Mustafah Arnab’s hands were cold, pruned and shaking as he tore away the thin plastic film protecting his smartphone. He had spent nearly four hours aboard an overcrowded rubber boat crossing the Aegean Sea from Turkey to Greece. The 25-year-old Syrian doctor from Damascus, who was making his way to friends in Germany, was desperate to do two things: message his family and take a selfie. He turned to me as his phone powered on. “I will take a selfie with you,” he exclaimed, relieved and eager to relay news of his safe arrival in Greece.
Refugees fleeing war-torn territory have come to rely on their phones to make a passage to a better life. They use messaging apps such as WhatsApp, Viber and Line to communicate with loved ones back home. They navigate border crossings via Google Maps and Facebook Messenger. Their travails are documented on Instagram. A smartphone is often the only item they carry.
The European refugee crisis is the first of its kind in a fully digital age, and that has changed how the exodus is unfolding. With each border crossing, there is a race to find a new signal, a new local SIM card or a public wi-fi network. Wasem Farra, 34, stares blankly into his phone while waiting in line for a bus just over the Serbian border in Roszke, Hungary. No luck. “I’m trying to catch Internet,” says Farra, who is from Dara‘a, Syria. “I want to call my mother and tell her we are here. They are afraid about us. We want to tell them we are O.K.” Farra is trying to get to Germany with seven people, including his sister.
Rami Shahhoud’s phone whistles with notifications as we talk on the same border. Shahhoud, 42, has been keeping in touch with his wife and family in Damascus throughout his journey using multiple SIM cards—a Turkish SIM card, then a Greek SIM card and now a Serbian one. “If it were five years ago, they’d maybe be thinking what’s happening to me and I’d be wondering what’s happening to them,” he says. “But now, thank God for this technology.”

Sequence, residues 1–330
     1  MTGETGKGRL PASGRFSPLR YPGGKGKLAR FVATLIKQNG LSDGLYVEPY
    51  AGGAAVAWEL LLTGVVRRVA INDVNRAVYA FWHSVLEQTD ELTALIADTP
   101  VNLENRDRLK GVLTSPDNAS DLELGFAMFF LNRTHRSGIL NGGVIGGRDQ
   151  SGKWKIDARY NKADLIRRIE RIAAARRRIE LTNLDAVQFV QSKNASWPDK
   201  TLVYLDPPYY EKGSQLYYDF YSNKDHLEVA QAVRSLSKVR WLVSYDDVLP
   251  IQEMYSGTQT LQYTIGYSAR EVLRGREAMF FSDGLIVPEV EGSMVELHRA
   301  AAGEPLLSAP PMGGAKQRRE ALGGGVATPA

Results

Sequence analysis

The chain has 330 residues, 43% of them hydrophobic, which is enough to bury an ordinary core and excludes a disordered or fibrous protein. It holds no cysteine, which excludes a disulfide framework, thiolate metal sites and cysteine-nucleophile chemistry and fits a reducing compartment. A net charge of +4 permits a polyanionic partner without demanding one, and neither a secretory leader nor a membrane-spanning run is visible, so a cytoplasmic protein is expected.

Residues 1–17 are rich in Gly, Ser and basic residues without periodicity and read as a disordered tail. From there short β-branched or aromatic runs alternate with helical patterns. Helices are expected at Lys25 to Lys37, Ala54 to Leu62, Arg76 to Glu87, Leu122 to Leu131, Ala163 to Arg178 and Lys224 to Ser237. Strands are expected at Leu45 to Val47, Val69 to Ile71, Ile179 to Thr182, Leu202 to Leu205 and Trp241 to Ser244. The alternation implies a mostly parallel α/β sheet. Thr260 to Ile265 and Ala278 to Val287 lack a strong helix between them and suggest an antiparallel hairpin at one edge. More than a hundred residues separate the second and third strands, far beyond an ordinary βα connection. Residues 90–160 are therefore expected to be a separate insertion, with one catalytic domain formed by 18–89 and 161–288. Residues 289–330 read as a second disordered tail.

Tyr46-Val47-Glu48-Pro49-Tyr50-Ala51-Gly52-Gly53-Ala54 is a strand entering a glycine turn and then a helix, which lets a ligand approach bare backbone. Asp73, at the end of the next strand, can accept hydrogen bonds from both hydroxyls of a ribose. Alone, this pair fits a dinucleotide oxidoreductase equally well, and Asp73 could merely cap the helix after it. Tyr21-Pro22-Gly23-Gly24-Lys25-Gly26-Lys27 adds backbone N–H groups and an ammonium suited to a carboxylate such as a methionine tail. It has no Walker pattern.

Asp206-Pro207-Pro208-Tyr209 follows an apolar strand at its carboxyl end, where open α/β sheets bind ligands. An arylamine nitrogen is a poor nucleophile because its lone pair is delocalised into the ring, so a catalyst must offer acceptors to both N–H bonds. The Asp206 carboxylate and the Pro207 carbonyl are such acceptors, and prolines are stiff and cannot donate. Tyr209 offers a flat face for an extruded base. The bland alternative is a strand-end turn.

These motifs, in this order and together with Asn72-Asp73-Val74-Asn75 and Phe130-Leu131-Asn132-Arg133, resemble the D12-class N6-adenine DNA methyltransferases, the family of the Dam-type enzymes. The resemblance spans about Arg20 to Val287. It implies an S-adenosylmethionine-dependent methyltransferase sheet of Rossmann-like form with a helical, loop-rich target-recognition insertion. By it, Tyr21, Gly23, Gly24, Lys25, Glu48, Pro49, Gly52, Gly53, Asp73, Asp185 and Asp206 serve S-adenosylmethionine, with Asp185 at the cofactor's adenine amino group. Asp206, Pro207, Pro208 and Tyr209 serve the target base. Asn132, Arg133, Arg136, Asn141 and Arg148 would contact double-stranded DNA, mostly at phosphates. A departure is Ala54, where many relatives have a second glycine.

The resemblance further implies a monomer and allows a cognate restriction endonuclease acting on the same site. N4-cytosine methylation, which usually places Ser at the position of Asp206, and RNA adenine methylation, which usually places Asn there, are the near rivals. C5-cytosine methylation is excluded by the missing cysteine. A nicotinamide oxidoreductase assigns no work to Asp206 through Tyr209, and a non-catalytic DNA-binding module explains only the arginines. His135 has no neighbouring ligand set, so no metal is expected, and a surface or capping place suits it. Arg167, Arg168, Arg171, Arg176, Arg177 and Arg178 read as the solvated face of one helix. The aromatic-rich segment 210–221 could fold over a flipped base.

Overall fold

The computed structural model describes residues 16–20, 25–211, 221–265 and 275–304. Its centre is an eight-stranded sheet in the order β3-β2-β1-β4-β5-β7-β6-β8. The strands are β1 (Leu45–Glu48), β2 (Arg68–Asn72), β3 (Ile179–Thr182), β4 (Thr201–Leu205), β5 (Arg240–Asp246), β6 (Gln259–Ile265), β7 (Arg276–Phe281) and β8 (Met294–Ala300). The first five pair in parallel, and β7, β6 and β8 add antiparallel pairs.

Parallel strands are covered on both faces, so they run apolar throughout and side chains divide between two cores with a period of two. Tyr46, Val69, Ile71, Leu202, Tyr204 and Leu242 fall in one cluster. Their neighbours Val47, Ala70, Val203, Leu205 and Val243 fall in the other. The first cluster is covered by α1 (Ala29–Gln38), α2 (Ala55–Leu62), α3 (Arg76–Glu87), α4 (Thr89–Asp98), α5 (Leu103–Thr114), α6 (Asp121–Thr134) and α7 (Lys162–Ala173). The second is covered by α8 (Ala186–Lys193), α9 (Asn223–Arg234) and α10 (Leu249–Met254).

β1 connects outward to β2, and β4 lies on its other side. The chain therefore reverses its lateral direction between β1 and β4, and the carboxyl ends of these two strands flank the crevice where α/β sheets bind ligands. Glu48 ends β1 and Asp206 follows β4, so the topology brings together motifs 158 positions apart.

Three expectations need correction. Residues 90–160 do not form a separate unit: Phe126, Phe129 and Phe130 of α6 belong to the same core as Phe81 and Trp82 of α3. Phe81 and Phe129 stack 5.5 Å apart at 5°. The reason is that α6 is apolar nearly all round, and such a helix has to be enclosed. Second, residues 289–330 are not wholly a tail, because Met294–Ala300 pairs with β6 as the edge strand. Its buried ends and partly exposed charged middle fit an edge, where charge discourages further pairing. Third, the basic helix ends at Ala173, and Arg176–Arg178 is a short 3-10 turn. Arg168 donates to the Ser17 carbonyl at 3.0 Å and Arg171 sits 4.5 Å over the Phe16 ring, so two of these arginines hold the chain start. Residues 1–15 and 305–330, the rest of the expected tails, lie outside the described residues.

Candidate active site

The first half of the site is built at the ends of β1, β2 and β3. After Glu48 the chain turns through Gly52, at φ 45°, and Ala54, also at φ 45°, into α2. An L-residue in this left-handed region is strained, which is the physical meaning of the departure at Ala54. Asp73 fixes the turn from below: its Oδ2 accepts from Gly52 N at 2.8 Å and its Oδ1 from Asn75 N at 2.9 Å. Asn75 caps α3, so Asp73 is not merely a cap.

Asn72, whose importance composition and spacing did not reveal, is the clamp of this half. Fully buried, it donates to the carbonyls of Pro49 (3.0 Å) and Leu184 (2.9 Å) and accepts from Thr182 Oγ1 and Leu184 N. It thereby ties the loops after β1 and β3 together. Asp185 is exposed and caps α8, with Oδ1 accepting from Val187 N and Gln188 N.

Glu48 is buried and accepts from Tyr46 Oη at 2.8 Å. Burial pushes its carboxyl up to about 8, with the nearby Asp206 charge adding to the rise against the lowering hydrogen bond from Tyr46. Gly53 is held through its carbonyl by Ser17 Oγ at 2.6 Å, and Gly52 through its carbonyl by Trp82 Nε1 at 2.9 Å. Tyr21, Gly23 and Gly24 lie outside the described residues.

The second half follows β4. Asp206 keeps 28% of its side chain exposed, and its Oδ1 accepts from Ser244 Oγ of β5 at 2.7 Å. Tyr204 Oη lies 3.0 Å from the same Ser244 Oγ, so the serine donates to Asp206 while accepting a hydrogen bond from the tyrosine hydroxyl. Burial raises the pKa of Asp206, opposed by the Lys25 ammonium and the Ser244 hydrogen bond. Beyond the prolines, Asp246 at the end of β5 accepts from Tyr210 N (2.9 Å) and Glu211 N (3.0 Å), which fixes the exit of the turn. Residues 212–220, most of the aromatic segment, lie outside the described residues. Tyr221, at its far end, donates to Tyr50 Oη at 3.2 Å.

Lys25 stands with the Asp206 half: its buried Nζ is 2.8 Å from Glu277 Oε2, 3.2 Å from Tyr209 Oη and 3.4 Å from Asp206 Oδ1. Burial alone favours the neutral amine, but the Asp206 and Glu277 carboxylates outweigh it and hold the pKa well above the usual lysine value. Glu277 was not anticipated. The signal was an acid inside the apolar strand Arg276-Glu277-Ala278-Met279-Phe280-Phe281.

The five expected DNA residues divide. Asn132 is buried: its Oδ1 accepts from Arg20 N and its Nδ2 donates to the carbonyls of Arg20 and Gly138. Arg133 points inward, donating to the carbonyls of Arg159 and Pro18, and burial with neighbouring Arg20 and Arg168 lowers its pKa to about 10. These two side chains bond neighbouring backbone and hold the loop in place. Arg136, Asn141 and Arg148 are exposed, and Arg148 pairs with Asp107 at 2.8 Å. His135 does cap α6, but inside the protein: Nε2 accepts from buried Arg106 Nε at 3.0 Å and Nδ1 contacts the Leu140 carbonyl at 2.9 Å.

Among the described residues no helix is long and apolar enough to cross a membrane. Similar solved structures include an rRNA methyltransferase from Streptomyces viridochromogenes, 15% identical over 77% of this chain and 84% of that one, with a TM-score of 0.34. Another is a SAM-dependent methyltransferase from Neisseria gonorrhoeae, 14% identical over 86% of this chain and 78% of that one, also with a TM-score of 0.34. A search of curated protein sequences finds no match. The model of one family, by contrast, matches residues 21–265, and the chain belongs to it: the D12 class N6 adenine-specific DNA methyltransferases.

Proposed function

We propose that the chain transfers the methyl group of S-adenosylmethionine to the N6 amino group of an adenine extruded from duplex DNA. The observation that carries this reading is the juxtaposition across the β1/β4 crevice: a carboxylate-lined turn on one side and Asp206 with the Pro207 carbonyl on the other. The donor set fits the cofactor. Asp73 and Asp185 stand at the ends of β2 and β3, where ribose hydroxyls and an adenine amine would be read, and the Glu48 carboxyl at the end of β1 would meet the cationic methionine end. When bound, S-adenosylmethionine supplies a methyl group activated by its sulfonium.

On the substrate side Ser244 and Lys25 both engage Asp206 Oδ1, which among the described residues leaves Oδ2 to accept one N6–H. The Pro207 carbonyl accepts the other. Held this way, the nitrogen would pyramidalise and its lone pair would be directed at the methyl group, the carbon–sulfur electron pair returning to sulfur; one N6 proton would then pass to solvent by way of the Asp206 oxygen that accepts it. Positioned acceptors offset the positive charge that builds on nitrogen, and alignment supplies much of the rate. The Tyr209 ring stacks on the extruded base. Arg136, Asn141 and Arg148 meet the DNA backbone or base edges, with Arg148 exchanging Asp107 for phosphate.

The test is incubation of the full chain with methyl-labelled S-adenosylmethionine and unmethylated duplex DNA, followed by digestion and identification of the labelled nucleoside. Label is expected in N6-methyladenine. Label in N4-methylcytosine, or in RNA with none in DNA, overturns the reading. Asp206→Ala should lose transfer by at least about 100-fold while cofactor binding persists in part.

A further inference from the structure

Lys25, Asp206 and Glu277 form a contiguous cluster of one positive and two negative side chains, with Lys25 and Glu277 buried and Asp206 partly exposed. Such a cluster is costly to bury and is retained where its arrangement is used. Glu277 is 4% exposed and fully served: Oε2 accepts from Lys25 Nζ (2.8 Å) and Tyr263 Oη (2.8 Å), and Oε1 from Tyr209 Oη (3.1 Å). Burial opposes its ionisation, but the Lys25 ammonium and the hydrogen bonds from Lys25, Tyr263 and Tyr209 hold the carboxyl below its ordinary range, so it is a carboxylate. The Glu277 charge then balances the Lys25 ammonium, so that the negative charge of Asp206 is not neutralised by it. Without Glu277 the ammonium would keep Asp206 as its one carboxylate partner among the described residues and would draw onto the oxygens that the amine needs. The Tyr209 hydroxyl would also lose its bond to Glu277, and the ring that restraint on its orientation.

Many refugees are using apps as pathfinders, devices to show them the best—or least dangerous— way west. “We heard the police will catch you if you go through the fields,” Ali Sheikhou, 30, tells me in Roszke. His phone is tethered to a battery pack, glowing blue through his jacket. It’s all he has with him from home. A friend traveling ahead of him has been advising Sheikhou, via WhatsApp, about the conditions of the camps in Hungary, which he found abysmal. “We don’t want to go to the camps,” Sheikhou concludes.
Technology can also quickly become a lifeline. Thousands of refugees have lost their lives on sea journeys—and Kinan al-Khatid tells me he knew the risk. Instead of wrapping his phone in plastic or securing it inside a balloon as many others have done, he had typed out an SOS message and readied himself to send it to three programmed numbers along with his group’s exact GPS position the moment something went wrong: “Please help us—save us.” He says that ultimately he didn’t have to hit send.
This is a new phenomenon, says Peter Bouckaert, Human Rights Watch’s emergencies director. “Most of the Syrians fleeing are educated and urban, so they have the funds and the exposure to use smartphones effectively,” he wrote in an email.
And then there is digital scrapbooking. On the coast of Lesbos, Greece, the moment refugees land safely ashore, smartphones appear and the taking of selfies begins. “We want memories from the bad trip we had,” says Mehar Ahmed Aloussi, 30, from Damascus. “When I go and settle down in another country, I want to remember my way.” Cell phones create an endless need for electricity. Inside Keleti Station in Budapest, where refugees camp out while waiting to catch trains to Austria, there’s been an outpouring of expected donations: food, water and tents. One area is overflowing with shoes, another with clothing. But the most in-demand area by far is a small wooden table manned by a couple of Hungarian volunteers. Above them is a sign, handwritten in English and Arabic, that reads free wi-fi. A half-dozen batteries are ducttaped to the rickety wooden table, white wires flowing in every direction.
Power and wi-fi were in such demand at Keleti Station that Greenpeace Hungary set up an even larger tent to provide both. It is packed from the moment it opens in the morning to closing time at the end of the day. Greenpeace Hungary’s Reka Hunyadi says the need to communicate can seem as dire as the need for basic supplies.
Rabee Mohammed, a 25-year-old from Aleppo, Syria, who is traveling along the Hungarian border, doesn’t hesitate when I ask him which is more important, food or power: “Charging my phone.”
Muhammed Muheisen is Associated Press’ chief photographer for the Middle East. Follow him on Twitter @muheisen81
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